The holidays are upon us! This year, nearly 45 million people will travel by air between December 17th and January 4th. That's an average of 2.4 million people per day for whom the warm joy and cozy cheer of the season will be preceded by long lines at the airport and crowded plane rides.
Before you swap those gifts, remember that travelers are frequently the victims of malicious identity crimes—so take a few moments to protect yourself. Below, the Center for Identity outlines tips and easy actions to help keep your identity safe during your holiday adventures.
Only pack the necessities for your trip. Leave the rest at home! Remove your Social Security card, bank statements, medical documents, and checkbook. This helps limit the number of items that would need to be replaced if your wallet goes missing, is stolen, or accidentally gets left in the rental car. It also helps reduce the amount of personally identifying information on your person.
Keep your technology with you.
Don't slip your iPad into your checked luggage. Carry your devices with you on the plane to keep thieves from stealing your technology...and your personal information.
Avoid oversharing on social media.
Avoid checking in, posting photos, and announcing your location while away. Criminals will take the opportunity to steal your mail and even break into your home. Consider waiting to post photos until after you return from your vacation.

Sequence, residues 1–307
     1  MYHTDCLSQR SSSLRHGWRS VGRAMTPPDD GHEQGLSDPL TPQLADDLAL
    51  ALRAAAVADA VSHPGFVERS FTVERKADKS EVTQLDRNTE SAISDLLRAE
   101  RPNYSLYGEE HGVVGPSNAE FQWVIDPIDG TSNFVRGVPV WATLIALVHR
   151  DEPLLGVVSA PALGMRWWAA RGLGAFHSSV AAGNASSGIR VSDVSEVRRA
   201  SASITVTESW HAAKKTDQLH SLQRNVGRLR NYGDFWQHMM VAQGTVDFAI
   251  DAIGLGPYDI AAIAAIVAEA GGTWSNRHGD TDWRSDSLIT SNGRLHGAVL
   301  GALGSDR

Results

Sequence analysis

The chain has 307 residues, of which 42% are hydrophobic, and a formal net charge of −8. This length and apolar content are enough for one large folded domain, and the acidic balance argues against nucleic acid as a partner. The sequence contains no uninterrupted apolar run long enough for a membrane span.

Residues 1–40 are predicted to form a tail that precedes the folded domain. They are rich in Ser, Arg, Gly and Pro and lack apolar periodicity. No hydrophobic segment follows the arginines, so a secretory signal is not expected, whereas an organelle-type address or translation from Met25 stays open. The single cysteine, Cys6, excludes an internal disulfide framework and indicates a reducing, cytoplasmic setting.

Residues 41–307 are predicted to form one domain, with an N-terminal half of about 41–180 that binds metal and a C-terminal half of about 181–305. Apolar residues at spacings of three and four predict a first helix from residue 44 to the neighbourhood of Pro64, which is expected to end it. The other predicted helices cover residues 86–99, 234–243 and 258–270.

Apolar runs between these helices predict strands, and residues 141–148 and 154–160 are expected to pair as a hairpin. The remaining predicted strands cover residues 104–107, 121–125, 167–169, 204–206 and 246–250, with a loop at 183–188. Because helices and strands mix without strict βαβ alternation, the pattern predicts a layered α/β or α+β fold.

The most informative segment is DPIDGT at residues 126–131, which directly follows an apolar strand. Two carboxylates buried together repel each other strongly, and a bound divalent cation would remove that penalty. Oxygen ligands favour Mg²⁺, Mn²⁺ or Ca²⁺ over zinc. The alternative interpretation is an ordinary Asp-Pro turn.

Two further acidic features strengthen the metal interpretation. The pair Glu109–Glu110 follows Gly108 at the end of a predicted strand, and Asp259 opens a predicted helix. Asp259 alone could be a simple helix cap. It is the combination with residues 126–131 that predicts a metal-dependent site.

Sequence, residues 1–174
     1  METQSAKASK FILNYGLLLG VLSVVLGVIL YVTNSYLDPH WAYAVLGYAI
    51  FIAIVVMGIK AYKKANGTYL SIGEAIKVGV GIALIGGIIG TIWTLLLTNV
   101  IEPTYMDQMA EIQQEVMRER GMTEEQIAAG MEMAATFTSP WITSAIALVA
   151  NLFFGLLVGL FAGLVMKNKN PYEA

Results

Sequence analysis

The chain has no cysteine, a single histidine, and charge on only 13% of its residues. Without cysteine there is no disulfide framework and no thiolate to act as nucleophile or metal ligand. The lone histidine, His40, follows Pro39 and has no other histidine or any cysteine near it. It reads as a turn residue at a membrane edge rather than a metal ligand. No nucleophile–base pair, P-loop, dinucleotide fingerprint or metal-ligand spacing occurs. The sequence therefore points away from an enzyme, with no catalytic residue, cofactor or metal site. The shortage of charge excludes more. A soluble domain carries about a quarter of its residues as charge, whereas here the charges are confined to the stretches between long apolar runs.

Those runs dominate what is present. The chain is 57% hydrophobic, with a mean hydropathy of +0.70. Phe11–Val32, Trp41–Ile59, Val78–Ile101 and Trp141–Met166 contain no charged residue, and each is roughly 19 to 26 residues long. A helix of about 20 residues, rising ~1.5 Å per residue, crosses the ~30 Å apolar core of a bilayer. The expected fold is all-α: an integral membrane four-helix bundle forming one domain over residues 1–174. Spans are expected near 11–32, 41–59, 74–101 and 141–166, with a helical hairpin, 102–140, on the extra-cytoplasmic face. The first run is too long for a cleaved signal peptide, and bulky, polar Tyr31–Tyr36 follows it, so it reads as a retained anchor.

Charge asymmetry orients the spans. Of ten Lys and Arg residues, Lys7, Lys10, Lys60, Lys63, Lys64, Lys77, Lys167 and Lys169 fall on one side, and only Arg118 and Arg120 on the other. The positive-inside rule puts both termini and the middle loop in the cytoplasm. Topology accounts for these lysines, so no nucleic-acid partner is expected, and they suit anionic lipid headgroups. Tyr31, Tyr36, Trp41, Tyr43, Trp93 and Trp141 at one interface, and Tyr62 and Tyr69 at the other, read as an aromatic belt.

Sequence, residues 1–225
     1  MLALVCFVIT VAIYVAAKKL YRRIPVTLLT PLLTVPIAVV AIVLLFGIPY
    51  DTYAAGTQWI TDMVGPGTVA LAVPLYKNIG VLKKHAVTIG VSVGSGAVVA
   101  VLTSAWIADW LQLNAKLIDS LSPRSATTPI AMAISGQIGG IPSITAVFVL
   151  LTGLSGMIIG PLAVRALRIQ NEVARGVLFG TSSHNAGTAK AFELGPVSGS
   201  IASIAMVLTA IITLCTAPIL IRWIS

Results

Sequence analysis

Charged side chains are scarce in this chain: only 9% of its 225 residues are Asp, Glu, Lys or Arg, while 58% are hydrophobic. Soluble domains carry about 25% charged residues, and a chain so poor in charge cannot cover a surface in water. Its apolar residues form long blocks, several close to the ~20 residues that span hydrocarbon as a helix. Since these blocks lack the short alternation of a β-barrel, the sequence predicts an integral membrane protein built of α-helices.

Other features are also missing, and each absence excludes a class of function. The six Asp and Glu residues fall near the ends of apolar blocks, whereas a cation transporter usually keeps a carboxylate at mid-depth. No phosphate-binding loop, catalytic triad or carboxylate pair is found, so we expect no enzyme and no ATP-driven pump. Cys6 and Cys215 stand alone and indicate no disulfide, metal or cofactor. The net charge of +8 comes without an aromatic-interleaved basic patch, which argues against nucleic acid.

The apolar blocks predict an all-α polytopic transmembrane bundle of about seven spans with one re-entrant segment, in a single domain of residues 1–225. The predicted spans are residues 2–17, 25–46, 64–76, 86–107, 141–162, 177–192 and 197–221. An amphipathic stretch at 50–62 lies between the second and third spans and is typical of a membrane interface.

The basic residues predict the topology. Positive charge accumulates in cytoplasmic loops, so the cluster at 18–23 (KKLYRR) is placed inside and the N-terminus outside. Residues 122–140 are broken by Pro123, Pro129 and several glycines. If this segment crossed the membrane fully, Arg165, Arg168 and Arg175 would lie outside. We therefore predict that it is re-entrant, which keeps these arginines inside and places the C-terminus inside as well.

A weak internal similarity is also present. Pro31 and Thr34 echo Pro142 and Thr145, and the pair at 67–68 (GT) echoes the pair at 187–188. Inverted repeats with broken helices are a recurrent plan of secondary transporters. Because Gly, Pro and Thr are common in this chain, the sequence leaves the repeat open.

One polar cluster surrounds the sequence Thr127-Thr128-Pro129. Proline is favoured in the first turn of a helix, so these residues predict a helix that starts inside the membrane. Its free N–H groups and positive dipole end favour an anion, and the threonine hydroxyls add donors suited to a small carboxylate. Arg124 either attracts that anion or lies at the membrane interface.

Use a safe.
While traveling, store your valuables and important documents, such as passports and boarding passes, in your hotel's safe. While a hotel safe is not the most ideal location for securing documents, it is safer than keeping them on your person. Never leave items unsecured in your hotel room!
Hold the mail.
Before leaving home, request a hold on your postal deliveries, or ask a trusted neighbor to collect your mail.
Check your bank statements.
Keep a close eye on your financial accounts and be sure to report any suspicious activity. While on the road, the best time to check is at a family member or trusted friend's home. You may also check over your 3G or 4G cell phone service.
Only use bank ATMs.
Card skimmers and fraudulent ATMs are easy ways for criminals to prey upon travelers. While bank ATMs can still be compromised, thieves are less likely to target them. Avoid using ATMs at gas stations, convenience stores, hotels, and other public places.
Be mindful of your connections.
Free, public Wi-Fi is often offered at hotels, cafés, restaurants, and shopping centers. Accessing these unprotected Wi-Fi "hotspots" can expose personally identifying information, such as passwords and logins. Avoid accessing your bank accounts, work email, and other secure accounts, unless the websites you visit begin with "https" instead of "http."
Be aware of your surroundings.
Be vigilant about your belongings and technology while traveling—tourists are often easy targets for criminals. Keep a close eye on your wallets, purses, and other luggage.
After a trip, remain vigilant.
Check your accounts for any strange or suspicious activity. Update your passwords and PIN numbers. Read through all of your mail, and make a note if any expected mail is missing. Report any errors immediately.
Adopting these habits will help keep your identity safe during the holiday season. Safe travels and season's greetings!